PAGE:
The toll is horrific. More than 80 people dead, with hundreds still missing; more than 1,800 structures destroyed; and about 250,000 acres burned. The Camp Fire and Woolsey Fire in California have added to the most destructive wildfire season in that state’s history and produced enough smoke to degrade air quality as far away as Clark County.
For Washington, the blazes have served as an important reminder of the power of wildfires and the need to invest in prevention. They also have thrown a spotlight on a request from state Lands Commissioner Hilary Franz for $55 million in fire prevention and firefighting resources.
Franz is asking next year’s Legislature to provide her department with $38 million for operations and $17 million in capital investment. Among other things, the budget would make 30 firefighter jobs year-round positions, adding to the department’s 43 full-time firefighters; would add two helicopters to a fleet of eight; and would increase funding for preparing homes and forest lands to limit the expansion of fires when they do occur.
“What we are seeing in California is an absolute wake-up call for the people of this state,” Franz said. “What’s happening there is very possible on our landscape even though it’s different. We are seeing hotter and drier weather.”
The differences are found in the nature of the land that is burning. The bulk of California’s ongoing fires are not in forests, but in areas with grass and brush. President Trump was quick to blame the blazes on “poor forest management,” but it is not the forests that have led to the loss of lives and buildings. (Trump also absurdly claimed that Finland does not have extensive wildfires because it rakes its forests to remove fire fuel, which we mention only to inject a little comic relief into a serious subject.)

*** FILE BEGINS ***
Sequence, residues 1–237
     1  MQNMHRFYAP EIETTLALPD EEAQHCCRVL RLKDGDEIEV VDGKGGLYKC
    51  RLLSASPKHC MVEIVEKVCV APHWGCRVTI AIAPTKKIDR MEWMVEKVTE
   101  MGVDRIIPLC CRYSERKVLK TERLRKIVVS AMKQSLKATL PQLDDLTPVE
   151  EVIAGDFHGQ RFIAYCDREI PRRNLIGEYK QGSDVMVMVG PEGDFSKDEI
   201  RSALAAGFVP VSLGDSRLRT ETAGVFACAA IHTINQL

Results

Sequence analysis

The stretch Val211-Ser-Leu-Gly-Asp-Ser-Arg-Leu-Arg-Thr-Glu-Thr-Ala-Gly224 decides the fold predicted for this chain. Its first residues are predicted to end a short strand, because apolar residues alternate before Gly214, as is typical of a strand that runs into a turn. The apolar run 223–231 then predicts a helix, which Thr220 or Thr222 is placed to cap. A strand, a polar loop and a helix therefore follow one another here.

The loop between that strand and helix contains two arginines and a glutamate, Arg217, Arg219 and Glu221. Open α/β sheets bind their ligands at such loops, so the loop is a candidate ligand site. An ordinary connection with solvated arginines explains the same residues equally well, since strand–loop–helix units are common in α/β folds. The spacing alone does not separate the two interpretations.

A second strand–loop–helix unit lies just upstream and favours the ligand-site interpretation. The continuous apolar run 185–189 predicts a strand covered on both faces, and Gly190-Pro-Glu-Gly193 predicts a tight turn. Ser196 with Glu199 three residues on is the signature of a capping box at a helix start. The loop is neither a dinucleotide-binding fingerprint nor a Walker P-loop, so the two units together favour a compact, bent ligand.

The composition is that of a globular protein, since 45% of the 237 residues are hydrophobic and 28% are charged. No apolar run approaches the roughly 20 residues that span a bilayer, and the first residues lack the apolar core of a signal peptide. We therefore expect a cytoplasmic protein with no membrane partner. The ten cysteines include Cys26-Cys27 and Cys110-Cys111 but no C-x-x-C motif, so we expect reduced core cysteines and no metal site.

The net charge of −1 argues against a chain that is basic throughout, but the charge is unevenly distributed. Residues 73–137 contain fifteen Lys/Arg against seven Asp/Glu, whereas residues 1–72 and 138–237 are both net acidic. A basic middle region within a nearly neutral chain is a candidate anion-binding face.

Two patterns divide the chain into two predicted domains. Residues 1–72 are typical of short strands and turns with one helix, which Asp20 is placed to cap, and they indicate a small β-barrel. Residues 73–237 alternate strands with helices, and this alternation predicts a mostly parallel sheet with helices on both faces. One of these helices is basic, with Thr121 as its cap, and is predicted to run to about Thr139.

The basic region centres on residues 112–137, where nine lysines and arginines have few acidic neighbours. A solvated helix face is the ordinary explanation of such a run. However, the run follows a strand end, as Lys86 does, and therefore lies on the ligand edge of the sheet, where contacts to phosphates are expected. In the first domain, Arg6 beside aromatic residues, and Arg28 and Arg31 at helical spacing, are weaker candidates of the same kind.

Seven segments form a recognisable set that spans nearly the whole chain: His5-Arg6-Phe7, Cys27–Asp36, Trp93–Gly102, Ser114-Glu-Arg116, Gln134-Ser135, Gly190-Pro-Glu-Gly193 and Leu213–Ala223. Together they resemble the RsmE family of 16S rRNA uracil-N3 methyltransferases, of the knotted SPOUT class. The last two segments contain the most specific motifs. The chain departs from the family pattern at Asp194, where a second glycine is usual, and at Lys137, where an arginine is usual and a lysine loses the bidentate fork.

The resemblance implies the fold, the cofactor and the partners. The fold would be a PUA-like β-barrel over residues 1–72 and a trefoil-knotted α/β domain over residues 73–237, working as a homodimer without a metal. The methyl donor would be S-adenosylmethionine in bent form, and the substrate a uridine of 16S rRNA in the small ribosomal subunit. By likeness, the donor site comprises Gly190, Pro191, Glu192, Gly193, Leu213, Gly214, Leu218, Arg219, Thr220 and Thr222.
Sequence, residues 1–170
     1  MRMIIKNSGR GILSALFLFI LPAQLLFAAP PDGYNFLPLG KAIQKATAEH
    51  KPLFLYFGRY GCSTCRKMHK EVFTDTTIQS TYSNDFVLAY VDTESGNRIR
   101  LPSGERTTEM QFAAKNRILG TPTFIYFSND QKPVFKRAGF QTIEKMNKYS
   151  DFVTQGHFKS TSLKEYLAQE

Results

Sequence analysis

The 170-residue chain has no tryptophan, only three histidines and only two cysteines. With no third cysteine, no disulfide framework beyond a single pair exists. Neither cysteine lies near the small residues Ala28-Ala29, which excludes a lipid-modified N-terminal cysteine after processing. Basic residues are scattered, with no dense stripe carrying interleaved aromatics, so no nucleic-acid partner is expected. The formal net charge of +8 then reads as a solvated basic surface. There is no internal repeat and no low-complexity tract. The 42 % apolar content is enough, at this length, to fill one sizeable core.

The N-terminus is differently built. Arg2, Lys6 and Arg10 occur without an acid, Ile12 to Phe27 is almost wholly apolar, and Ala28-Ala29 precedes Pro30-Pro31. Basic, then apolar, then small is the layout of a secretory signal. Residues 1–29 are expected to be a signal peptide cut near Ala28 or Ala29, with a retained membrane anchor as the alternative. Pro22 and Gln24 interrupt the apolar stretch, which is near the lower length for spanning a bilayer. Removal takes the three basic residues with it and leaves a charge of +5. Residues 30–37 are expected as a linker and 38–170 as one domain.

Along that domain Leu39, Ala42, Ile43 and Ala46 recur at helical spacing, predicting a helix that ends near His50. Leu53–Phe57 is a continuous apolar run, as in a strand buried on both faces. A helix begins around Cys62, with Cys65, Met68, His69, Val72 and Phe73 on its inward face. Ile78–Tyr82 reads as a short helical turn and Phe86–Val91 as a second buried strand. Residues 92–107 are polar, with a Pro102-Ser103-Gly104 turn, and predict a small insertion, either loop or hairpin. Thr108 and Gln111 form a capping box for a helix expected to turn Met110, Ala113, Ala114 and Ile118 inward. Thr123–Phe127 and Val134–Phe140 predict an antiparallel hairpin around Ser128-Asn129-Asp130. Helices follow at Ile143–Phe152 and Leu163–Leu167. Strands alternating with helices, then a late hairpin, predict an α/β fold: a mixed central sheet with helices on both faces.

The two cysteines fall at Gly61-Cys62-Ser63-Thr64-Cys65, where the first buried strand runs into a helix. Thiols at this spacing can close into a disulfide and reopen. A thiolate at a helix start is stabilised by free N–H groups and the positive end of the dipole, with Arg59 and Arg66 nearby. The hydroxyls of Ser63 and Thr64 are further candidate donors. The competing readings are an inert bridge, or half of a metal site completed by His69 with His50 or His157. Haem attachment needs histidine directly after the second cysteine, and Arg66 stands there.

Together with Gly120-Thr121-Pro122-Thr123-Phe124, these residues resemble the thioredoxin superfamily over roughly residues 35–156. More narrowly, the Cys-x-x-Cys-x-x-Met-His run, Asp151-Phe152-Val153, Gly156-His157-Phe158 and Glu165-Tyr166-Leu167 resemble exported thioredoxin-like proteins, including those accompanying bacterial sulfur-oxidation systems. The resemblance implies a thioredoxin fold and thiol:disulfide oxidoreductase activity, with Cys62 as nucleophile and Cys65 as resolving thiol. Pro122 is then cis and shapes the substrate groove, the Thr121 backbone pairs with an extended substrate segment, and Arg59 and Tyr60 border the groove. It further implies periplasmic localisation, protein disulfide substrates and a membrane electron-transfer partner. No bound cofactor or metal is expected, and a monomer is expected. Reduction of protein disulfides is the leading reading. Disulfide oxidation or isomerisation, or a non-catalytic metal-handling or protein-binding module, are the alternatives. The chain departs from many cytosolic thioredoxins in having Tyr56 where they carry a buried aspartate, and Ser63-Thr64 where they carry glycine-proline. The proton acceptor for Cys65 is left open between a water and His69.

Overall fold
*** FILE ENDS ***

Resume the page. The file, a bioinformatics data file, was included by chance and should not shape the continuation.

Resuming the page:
But while forest management has not been a factor in the most recent California fires, it is an issue in Washington. The state Department of Natural Resources, which Franz oversees, estimates that 2.7 million acres of forests are diseased and dying.
One primary factor — along with climate change that results in drier forests — has been the practice of fire borrowing, in which the federal government has taken funds set aside for fire prevention and used them to battle blazes. That led to a cycle of poor maintenance that increased the intensity and frequency of fires and resulted in still more borrowing. The federal government this year finally approved a plan to end the practice and fully fund preventive measures.
Franz says the benefits of treating forests by thinning them and using prescribed burns are readily apparent. “If you ever look at an area where the forest has been treated, fire almost literally stops right at the area of the forest that has been treated,” she said. “It becomes its own natural buffer.” Washington this year had about 1,700 wildfires, nearly a state record. But a little more than 350,000 acres burned, far from the record of more than 1 million acres in 2015.
With climate change making lands more susceptible to fire and with humans increasingly encroaching on forested areas, wildfires promise to be an ever more urgent issue. And it is one that impacts all of Washington, with about 40 percent of this year’s wildfires being reported on the west side of the Cascades.
That calls for robust investment. When it comes to wildfires, we can pay to limit them now or we can pay for them later.